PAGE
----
A continuing conversation on the role of sports journalists.
Don't blame sports journalists for missing corruption scandal - Dave Lowden, La Trobe University. The Conversation, 11 February 2013.
On scandal after scandal, sport journalists drop the ball - Professor David Rowe, University of Western Sydney. The Conversation, 21 February 2013.
The title of Professor David Rowe’s recent article that “scandal after scandal sport journalists drop the ball” is a great headline. It does its job and attracts attention but nowhere in the article was there a list of scandals where journalists had dropped the ball or even evidence to support the contention of the profession’s “inglorious past” unless a humorous skit from Clarke and Dawe counts.
If sport journalists have dropped the ball by not publishing links between athletes and organised crime, the presumably so too have all the police reporters and investigative journalists around the country. The fact is the ACC operated in secret – go figure – for more than twelve months. It is illegal for anyone to even confirm they were interviewed by the ACC.
The view that if sport journalists just tried a bit harder and dug a bit deeper, they could have uncovered the story is flawed. For that to have happened, either someone from the ACC would have to break the law or those with links to organised crime for the purposes of taking performance-enhancing drugs or match fixing – both that would bring shame and lengthy bans from the sport - would have had to divulge that information to a journalist.
Professor Rowe cites the News of the World sting on a supposed ‘spot-fixing’ intermediary as an example of ‘provocative, challenging and investigative’ sport journalism. Ed Hawkins, in his book, Bookie Gambler Fixer Spy, highlights what a tawdry episode of journalism this was. Is Rowe suggesting that journalists should use under-handed tactics such as entrapment or lying as a means of acquiring information?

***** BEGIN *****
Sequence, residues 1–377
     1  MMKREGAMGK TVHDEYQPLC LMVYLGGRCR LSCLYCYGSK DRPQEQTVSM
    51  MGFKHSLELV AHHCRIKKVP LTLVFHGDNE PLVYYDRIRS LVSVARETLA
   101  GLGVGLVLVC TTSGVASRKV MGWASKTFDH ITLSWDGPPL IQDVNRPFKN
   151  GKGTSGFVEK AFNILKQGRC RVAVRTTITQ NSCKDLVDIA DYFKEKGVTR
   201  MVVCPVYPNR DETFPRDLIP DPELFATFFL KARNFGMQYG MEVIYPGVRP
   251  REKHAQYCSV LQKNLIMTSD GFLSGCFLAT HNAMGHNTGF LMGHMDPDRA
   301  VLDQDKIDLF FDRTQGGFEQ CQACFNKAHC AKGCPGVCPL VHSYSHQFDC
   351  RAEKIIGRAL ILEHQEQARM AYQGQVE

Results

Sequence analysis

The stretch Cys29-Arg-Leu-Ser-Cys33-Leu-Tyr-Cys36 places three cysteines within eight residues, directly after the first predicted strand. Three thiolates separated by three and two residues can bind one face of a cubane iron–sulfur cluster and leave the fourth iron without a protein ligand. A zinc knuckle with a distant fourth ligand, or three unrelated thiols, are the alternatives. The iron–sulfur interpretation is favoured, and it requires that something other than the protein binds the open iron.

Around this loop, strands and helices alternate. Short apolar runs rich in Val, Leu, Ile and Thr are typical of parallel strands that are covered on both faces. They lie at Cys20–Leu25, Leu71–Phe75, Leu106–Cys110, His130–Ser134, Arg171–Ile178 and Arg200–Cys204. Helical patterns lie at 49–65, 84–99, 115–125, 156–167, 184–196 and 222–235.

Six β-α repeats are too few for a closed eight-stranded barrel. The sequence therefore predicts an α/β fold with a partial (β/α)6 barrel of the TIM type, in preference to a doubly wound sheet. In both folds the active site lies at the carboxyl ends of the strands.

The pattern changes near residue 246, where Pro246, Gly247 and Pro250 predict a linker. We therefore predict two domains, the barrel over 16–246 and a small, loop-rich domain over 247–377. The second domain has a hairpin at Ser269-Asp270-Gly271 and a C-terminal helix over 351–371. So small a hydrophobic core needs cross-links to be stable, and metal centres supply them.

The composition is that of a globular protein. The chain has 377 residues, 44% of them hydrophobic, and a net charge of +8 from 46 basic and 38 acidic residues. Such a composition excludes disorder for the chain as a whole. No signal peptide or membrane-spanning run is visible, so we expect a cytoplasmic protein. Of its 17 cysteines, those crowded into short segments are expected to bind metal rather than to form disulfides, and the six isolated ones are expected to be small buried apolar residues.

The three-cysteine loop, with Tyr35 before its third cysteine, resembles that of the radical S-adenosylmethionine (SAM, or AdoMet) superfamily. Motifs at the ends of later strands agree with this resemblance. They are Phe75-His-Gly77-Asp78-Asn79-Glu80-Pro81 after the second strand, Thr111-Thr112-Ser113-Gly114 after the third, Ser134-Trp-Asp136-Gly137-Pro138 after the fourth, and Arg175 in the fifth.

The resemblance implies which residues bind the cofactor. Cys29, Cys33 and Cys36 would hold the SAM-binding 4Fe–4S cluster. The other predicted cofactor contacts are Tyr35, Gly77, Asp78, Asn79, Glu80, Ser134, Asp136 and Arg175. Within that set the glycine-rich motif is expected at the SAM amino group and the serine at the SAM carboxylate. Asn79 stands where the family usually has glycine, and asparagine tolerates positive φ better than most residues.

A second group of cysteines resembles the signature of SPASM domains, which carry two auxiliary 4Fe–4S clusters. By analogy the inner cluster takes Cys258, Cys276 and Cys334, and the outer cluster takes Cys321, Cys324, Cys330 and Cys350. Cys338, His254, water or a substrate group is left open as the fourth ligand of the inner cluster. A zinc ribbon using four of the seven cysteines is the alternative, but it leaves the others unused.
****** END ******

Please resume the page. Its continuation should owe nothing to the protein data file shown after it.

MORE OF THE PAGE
It’s not complacency or a dereliction of duty, as Rowe suggests it borders on, for journalists to resist the urge to blithely report rumours without substantiating them. Now of course it happens, but that’s not the point. The point is that many sports journalists do have their ear to the ground but hearing it and being able to report it are two different things.
The so-called ‘tanking’ saga in the AFL is a prime example. For several years there had been widespread belief in the community that it takes place (‘it’ being that those in control of teams did things that made it more likely their team would lose and thereby gain access to a earlier pick in the draft). Many questions were asked of AFL administrators and its participants. No one would admit that it occurred until Tony Liberatore accused Carlton, of tanking in a television interview for Channel 9’s The Footy Show in 2008: “Winning wasn’t the be all and end all,” Liberatore said.
It was sport journalists that first accused – in print – Lance Armstrong of taking performance enhancing drugs. David Walsh was one of the first and Armstrong sued his employer, The Sunday Times. The paper made an out-of-court settlement. It took years for cycling administrators to listen and for Walsh to have his reputation restored (he was named British Journalist of the Year last December).
It is true that too many other cycling journalists turned a blind eye, preferring instead to ingratiate themselves with those that hand out the accreditation for one of sports journalism’s dream assignments. It is also true that Armstrong said on the record, time and time again – including once under oath – that he did not take performance-enhancing drugs.
Rowe asks a legitimate question, are sport journalists part of the fourth estate or simply a fan club? Yes they are part of the fourth estate but sports journalism is also about results, match reports, profiles, features and dare I say it, even entertainment. It is true that some sport journalists are guilty of being fans first and journos second - and I said so in my first article – but does the profession deserve to be condemned because of them?
How the profession is perceived, how it operates and who the exponents are, is important but largely irrelevant in terms of whether or not sport journalists ‘dropped the ball’ in criminal matters that happen to involve a sports person.
My article was about the ACC report but I used the betting scandal involving Damian Oliver as an example of how covert criminal investigations are unlikely to be broken by a sport journalist. I never said they shouldn’t try but there is a practical reality that should not be regarded as taking a ‘passive stance’. The Oliver story came to light because he was picked up on phone taps in a murder investigation.
The racing writer does not have the links to police that other journalists do. The Age investigative team broke that story precisely because they do have those links with police sources. Journalism as a profession did its job and uncovered the truth. Not every story involving a sports person will be broken by a sports journalist.
David Lowden is a senior lecturer in sports journalism at La Trobe University.